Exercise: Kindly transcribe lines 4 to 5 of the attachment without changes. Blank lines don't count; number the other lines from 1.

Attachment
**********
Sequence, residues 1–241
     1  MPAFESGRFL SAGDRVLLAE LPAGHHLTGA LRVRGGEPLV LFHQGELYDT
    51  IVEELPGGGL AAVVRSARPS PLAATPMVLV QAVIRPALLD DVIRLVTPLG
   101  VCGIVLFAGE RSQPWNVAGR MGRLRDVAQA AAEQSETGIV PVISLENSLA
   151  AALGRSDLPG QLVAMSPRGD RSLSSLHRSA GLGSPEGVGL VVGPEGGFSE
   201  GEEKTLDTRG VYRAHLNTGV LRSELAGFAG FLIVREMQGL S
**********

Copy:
   101  VCGIVLFAGE RSQPWNVAGR MGRLRDVAQA AAEQSETGIV PVISLENSLA
   151  AALGRSDLPG QLVAMSPRGD RSLSSLHRSA GLGSPEGVGL VVGPEGGFSE